The Large Hadron Collider is gearing up to resume shooting beams of protons through its vast underground ring of magnets sometime between Saturday and Monday, after a two-year shutdown for upgrades and a weeklong delay due to a short circuit. "We are confident of being able to restart the machine over the weekend, as all of the tests performed so far have been successful," Frederick Bordry, director for accelerators and technology at Europe's CERN particle physics center, said in a statement issued Thursday.
The LHC and its thousands of researchers made history in 2012 when they announced the discovery of the Higgs boson — a subatomic particle that represented the last missing puzzle piece for the Standard Model, one of physics' most successful theories. During its first run, the particle collider at the French-Swiss border smashed proton beams together at energies of up to 8 trillion electron volts, or 8 TeV. For the second run, the dial will be turned up to 13 TeV. At those energy levels, physicists hope to detect exotic particles that could explain the properties of mysterious dark matter — and they also may find evidence of microscopic black holes and weird, rolled-up spatial dimensions.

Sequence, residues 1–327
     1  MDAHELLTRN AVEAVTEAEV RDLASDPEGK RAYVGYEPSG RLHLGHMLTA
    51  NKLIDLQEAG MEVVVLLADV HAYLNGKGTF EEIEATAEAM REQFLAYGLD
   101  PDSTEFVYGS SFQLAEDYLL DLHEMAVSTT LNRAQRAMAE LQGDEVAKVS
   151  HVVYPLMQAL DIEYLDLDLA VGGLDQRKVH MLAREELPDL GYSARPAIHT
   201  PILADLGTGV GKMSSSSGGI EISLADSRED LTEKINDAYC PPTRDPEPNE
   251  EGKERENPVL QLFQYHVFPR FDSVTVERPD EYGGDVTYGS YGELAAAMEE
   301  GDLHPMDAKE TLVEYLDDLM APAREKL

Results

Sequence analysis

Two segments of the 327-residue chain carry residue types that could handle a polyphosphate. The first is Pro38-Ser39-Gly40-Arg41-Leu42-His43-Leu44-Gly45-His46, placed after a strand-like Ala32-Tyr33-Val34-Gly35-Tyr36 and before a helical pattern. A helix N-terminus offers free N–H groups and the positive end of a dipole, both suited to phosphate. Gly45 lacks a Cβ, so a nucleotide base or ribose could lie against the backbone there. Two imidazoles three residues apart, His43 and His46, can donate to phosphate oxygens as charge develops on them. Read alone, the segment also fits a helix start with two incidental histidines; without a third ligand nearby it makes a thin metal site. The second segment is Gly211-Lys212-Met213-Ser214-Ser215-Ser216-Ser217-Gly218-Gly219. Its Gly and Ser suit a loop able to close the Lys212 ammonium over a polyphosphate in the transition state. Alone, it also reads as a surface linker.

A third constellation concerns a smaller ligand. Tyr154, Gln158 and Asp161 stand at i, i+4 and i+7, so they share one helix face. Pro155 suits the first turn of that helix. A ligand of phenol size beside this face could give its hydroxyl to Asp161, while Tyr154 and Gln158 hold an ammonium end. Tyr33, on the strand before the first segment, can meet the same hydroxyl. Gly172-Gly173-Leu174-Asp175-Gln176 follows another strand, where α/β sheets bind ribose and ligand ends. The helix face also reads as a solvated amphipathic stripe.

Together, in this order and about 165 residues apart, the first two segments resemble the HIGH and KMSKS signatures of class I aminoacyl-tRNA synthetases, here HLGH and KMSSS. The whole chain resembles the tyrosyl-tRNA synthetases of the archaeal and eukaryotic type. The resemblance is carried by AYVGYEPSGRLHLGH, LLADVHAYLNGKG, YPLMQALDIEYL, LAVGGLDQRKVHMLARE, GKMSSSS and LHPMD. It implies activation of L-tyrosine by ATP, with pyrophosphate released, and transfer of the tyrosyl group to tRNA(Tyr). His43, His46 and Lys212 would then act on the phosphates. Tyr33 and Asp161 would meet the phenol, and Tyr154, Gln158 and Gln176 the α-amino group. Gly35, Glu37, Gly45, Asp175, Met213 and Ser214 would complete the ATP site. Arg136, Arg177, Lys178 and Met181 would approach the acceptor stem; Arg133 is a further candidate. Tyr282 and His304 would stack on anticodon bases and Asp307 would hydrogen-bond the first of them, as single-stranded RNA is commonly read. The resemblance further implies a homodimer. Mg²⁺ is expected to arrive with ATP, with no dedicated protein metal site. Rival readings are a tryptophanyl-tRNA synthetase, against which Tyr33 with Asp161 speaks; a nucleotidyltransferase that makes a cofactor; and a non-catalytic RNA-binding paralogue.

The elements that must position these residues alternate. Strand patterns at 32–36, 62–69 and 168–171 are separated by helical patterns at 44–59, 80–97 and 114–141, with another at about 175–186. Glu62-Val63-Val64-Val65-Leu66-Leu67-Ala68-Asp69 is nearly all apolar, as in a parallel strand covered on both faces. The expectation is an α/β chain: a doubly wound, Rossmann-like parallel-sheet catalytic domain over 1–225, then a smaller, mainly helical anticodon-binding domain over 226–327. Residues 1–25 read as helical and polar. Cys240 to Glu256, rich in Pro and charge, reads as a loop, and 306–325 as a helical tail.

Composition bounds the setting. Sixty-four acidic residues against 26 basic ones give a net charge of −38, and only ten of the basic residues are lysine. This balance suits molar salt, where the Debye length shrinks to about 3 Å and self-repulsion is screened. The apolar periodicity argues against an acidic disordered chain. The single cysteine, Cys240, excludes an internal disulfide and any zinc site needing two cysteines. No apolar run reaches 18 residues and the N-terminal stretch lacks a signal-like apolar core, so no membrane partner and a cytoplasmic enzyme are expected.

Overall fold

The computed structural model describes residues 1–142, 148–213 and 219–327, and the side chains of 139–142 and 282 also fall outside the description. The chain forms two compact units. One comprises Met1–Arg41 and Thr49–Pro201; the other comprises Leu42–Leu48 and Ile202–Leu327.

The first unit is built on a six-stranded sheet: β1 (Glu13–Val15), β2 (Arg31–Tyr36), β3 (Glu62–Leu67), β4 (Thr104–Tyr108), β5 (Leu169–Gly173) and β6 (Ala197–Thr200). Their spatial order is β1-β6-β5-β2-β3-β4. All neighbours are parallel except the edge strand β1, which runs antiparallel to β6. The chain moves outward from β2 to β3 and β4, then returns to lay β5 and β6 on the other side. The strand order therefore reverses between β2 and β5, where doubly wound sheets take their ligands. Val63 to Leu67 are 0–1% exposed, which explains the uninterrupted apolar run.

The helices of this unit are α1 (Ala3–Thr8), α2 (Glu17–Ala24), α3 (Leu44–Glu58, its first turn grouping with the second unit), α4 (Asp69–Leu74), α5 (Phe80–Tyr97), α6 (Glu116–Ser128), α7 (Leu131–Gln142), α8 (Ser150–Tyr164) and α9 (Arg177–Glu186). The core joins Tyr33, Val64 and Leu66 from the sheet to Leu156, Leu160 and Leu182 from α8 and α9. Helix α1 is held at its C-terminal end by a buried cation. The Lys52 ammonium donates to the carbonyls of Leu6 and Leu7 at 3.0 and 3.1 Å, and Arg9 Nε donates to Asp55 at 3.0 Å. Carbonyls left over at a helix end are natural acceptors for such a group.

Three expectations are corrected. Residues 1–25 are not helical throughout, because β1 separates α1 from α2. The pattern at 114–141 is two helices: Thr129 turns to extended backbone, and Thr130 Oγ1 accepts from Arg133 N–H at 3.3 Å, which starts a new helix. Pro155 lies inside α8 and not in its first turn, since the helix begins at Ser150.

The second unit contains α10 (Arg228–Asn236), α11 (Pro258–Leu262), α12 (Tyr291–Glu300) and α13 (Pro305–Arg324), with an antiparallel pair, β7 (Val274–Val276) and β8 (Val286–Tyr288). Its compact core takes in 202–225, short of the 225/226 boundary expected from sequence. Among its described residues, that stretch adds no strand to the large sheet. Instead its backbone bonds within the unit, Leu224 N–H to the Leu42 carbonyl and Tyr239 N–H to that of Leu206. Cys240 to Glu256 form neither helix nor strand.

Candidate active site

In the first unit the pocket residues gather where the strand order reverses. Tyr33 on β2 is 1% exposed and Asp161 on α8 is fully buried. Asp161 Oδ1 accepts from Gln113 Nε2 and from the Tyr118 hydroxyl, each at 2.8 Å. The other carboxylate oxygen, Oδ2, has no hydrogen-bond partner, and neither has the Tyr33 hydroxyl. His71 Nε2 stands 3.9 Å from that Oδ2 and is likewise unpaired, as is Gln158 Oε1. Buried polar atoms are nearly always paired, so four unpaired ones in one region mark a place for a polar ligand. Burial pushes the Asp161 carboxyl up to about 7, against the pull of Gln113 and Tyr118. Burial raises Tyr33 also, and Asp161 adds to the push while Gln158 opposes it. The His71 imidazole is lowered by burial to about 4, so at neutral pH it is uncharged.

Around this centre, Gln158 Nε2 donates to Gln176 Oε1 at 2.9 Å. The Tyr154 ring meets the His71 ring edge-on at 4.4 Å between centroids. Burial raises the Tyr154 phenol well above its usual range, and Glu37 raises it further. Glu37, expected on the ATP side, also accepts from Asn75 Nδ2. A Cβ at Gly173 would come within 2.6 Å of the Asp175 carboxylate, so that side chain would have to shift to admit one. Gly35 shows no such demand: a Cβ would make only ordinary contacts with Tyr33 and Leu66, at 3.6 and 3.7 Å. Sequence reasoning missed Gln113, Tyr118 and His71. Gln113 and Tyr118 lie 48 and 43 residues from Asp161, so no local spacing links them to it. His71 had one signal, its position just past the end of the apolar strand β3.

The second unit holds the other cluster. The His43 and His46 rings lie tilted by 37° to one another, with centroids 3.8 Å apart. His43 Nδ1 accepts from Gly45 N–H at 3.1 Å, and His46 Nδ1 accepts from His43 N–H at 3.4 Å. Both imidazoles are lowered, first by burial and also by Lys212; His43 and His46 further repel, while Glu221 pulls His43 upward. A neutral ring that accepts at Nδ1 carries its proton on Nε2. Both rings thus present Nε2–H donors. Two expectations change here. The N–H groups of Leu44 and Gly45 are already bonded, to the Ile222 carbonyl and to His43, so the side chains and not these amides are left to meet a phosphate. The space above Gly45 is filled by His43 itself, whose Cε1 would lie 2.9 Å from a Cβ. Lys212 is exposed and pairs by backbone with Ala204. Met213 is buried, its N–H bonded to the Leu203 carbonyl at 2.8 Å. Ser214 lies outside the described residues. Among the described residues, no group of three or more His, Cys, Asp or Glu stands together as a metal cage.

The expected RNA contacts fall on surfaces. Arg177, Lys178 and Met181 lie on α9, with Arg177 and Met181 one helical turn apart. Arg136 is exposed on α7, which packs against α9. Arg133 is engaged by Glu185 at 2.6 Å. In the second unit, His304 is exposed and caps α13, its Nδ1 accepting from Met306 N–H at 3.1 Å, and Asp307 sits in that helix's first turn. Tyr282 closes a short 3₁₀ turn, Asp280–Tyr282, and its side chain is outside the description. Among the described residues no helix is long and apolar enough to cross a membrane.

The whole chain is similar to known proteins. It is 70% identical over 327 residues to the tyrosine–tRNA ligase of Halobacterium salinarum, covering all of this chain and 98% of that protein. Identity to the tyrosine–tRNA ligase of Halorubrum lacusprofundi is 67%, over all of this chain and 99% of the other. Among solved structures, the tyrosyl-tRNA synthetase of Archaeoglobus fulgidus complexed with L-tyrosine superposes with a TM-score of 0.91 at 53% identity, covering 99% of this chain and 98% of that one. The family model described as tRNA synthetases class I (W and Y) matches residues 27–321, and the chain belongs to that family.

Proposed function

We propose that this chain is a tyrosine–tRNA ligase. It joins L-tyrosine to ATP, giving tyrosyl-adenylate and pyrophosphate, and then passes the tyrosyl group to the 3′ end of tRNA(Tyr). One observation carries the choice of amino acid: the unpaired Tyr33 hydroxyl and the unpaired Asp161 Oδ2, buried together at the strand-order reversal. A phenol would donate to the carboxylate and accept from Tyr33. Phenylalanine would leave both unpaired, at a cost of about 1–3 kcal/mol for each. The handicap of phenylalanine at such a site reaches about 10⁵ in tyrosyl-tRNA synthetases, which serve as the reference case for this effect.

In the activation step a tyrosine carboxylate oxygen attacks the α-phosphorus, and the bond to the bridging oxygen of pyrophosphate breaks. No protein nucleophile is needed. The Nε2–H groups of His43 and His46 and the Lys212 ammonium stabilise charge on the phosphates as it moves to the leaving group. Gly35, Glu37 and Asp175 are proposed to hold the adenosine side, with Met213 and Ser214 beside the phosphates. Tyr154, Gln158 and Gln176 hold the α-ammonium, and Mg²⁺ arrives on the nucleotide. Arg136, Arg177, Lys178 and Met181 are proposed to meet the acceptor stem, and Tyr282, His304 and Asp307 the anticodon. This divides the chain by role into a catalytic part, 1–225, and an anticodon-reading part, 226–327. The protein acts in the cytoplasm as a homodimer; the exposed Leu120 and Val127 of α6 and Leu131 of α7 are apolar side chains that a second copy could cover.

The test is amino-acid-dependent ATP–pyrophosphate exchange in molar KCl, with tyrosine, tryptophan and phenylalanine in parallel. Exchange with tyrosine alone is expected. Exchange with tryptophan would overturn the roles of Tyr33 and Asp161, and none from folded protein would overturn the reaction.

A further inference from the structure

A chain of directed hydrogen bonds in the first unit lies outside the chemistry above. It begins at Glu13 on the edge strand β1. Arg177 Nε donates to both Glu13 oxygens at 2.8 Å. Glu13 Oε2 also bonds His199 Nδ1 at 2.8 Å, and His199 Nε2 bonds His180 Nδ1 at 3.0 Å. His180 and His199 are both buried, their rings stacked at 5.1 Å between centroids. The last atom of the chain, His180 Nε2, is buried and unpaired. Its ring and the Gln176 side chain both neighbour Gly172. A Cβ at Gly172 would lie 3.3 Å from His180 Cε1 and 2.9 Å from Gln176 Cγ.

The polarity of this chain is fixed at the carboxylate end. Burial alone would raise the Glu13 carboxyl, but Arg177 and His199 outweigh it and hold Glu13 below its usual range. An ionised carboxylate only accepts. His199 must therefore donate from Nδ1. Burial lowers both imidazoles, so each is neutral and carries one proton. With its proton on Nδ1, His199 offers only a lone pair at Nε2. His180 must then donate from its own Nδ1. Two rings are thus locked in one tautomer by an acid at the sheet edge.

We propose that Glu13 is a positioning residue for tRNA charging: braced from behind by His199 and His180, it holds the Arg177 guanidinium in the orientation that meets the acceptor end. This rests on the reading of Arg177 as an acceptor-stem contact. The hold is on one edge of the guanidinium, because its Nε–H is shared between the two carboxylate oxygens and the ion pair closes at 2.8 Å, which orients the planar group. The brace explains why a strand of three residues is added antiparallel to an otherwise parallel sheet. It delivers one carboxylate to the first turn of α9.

At first, proton beams will be circulated at energies of 450 billion electron volts, or 450 GeV. CERN said particle collisions could ramp up to the 13 TeV level as early as June.
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